Strain, depression, and adolescent substance use: A temporal-ordering analysis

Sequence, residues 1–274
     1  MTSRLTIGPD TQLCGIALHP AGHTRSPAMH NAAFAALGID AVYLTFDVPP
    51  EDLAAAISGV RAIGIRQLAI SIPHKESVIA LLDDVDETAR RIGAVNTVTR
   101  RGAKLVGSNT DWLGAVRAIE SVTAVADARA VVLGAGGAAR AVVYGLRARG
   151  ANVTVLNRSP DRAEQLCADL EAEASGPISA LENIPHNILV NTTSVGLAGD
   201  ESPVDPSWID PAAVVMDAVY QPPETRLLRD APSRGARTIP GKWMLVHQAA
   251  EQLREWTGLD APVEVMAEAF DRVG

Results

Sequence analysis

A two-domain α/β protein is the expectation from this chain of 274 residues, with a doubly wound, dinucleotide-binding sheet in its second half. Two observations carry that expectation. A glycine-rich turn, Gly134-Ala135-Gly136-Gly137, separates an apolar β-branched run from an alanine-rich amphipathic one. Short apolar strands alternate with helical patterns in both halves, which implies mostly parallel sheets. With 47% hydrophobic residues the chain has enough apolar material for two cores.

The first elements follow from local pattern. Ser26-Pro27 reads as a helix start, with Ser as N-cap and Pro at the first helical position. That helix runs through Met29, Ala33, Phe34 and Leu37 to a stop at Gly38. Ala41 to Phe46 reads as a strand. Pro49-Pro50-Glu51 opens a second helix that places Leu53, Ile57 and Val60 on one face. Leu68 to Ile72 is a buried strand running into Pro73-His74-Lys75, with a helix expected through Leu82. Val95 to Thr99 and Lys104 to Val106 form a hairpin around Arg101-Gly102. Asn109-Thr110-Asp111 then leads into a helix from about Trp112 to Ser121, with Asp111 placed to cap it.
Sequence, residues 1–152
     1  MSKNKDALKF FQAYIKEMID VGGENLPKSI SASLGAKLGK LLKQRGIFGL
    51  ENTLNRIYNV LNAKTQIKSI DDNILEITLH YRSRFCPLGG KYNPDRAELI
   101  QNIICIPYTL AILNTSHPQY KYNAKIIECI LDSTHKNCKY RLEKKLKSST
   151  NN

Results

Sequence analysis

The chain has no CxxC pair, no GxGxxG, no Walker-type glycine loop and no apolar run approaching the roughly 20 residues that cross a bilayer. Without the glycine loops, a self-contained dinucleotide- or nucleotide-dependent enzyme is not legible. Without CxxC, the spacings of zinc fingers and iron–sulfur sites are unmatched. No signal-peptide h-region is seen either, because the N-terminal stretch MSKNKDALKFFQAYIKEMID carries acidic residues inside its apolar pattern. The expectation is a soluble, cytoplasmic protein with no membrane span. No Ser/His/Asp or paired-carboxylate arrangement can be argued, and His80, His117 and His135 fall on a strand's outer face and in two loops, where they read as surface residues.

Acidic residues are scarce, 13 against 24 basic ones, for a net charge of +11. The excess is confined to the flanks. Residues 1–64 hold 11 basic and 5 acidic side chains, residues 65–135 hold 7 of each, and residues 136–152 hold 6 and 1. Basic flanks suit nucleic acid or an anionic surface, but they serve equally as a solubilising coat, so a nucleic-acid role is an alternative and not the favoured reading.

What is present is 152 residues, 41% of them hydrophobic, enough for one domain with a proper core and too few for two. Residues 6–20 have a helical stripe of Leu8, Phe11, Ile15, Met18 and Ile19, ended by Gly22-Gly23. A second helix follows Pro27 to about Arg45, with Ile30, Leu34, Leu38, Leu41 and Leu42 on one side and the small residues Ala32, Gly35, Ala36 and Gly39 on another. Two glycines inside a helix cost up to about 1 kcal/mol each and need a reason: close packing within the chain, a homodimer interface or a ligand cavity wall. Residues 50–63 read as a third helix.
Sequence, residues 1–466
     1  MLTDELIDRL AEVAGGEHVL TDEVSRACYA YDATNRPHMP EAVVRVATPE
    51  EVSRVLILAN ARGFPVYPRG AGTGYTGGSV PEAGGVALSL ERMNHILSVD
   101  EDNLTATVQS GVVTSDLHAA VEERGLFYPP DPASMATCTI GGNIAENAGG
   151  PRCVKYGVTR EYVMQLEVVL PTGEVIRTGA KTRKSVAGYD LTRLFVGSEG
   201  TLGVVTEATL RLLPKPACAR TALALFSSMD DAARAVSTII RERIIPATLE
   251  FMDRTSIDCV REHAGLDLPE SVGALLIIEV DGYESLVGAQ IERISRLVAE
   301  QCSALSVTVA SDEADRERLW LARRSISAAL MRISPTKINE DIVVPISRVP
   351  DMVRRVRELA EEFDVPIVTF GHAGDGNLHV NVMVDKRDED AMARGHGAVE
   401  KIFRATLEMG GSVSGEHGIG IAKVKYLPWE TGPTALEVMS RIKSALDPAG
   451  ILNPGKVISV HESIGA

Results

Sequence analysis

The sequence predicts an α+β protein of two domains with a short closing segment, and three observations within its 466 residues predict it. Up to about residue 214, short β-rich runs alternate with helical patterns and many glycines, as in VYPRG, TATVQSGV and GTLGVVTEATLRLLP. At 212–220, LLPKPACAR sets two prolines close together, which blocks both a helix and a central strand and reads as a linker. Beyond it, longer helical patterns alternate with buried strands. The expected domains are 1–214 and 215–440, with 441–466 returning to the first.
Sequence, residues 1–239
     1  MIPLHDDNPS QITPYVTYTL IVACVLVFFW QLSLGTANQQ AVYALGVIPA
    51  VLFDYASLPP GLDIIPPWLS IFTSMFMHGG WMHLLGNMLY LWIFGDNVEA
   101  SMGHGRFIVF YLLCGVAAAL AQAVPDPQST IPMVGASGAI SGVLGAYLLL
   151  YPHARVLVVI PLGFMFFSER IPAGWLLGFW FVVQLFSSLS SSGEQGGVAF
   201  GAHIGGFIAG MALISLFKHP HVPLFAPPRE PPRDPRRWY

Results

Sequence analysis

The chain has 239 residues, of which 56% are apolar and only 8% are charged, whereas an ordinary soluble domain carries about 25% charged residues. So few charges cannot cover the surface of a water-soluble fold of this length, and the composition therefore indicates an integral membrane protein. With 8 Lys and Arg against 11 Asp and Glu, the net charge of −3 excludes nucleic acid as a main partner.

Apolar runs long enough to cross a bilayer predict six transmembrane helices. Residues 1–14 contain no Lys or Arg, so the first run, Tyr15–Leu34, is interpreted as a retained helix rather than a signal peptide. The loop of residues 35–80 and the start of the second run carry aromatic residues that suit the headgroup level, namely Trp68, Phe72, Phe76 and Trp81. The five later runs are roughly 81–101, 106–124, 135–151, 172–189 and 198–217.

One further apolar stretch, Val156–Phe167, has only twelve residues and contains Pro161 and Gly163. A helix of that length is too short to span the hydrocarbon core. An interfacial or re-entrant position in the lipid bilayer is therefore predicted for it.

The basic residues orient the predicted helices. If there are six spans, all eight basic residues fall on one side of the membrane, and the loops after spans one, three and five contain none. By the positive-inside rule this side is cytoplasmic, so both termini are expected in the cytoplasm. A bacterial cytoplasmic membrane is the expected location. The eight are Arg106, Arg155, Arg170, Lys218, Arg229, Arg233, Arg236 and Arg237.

Using an integrated theoretical model drawing from Agnew’s general strain theory and Pearlin’s stress-process models, this study sought longitudinal associations between stressful events, and three outcome measures: depression, illicit substance use, and polysubstance use. Previous research highlights the co-occurring or comorbid roles of depression and substance use, particularly among adolescents and those transitioning into adulthood. Relatedly, the literature suggests gender socialization is instructive in the analysis of adolescent depression, but less related to substance use, while substance use is better understood through a lens accounting for racial differences and those related to the salient social context of poverty and urbanicity. Data for this dissertation were drawn from five waves (2002, 2004, 2006, 2008, and 2010) of interview data from the National Longitudinal Survey of Youth (1997) consisting of 16,868 person-waves constructed from 6,392 adolescents enrolled in the study. Using a temporal ordering data analysis technique, stressful events from a previous interview wave were utilized as explanatory variables in predicting current depression and substance use. Other variables in the analysis, like social support, were believed to be acting contemporaneously to reduce depression and substance use. Using generalized least squares regression (GLS) for panel data for depression and generalized estimating equations (GEE) for panel data in STATA for the dichotomous substance use outcomes, results indicated that stressful events measured in the past were significantly associated with current depression, and with current substance use, controlling even for prior depression and substance use. Results also indicated that social support exerts a protective effect against the strain-depression and strain-substance use relationship. Race-specific and gender-specific modeling of each outcome demonstrated marked differences among relevant factors, with gender-specific models better explaining depression, and race-specific models better predicting substance use. Moderation analysis of relevant predictors and these key social statuses indicated that several salient and significant differences existed among the effects of the explanatory variables. Theoretical and policy contributions from this study are related to empirical support for the inclusion of depression as a negative affective state in general strain theory, while also reflecting important social structural conditions, like poverty, in predicting these relationships.